Exploring the Cocoa Value Chain: from Production to Consumption
Did you know that Switzerland has the highest consumption of chocolate in the world, at an estimated 12 kgs of chocolate per person annually? Demand for chocolate around the world is steadily increasing. However, supply of the essential ingredient for chocolate -quality cocoa beans- is endangered. Many cocoa supplying countries in Latin America and Africa face some of the same challenges:
- Degradation of soil quality and reduction in harvests due to monoculture,
- Low productivity and vulnerability of farmers: over 95% of cocoa is produced by small scale farmers who earn less than 1 dollar a day. They have little capital and are vulnerable to shocks such as natural disasters,
- Lack of quality control and technical know-how in the post-harvest processing of cocoa beans.
To address these concerns, SDC and Chocolats Halba are trying an innovative partnership in Honduras to restart the cocoa value chain which never recovered after Hurricane Mitch in 1998. The objective of the project is to develop the cocoa value chain and improve the income of smallholder farmers in Honduras at the same time.
Nathalie Wyser Vizcarra explains Halba’s reason and approach:
The project directly impacts over 1300 small scale cocoa farmers in the country who are members of farmer cooperatives. The farmers receive the following key commitments from Halba:
- Long-term contracts providing a buy-back guarantee for up to 5 years,
- A fair price – current prices offered are 30% above world market prices,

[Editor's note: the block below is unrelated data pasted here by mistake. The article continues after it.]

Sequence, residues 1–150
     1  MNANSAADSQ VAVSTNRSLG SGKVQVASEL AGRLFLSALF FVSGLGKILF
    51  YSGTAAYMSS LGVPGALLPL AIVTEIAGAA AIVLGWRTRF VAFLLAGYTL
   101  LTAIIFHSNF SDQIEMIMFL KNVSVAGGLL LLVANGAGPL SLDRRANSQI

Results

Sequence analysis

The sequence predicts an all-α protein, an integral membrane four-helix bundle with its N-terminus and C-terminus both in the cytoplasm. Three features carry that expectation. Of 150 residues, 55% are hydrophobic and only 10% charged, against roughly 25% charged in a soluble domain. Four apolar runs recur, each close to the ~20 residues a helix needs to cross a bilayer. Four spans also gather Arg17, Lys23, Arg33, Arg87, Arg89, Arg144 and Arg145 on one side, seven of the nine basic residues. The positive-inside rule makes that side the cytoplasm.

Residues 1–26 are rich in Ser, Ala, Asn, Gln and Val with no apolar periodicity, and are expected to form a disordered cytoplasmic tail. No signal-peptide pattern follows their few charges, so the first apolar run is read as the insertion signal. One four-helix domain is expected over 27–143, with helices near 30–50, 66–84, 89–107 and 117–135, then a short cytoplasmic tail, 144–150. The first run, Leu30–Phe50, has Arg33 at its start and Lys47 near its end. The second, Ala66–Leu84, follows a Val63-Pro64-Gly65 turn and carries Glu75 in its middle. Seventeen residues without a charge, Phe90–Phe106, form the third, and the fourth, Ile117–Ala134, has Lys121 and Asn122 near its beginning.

- Premiums to invest in appropriate certification (such as fairtrade and organic certification),
- Capacity Building- training on good production and post-harvest processing techniques,
- Assistance for diversification of crops through agroforestry- this prevents soil degradation due to monoculture.
Other stakeholders in this partnership include a local NGO (which provides organizational development trainings and access to finance to farmer cooperatives), sector coordination organizations which assist in steering the project, and research institutions (such as ETH) which provide technical support. Choosing the right partners, long term commitment from all stakeholders involved, understanding each other’s “languages” and concerns, and developing mutual trust between stakeholders are essential factors to make the collaboration between stakeholders work.
This partnership meets the objectives of both SDC (fighting poverty) and Chocolats Halba (increasing profits- by securing supply sources of good quality cocoa for chocolate production in Switzerland). The income and productivity of farmers are improved. Ecological sustainability and food security of farmers are enhanced through agroforestry. Farmer cooperatives and also strengthened through the trainings received.
The cocoa beans produced through this partnership are exported directly to Switzerland, where Halba produces chocolate on a massive scale (over 12,000 tons of chocolate a year!) and sells the end product to consumers mainly through COOP- the second largest retailer in Switzerland.
What do participants take home from this visit?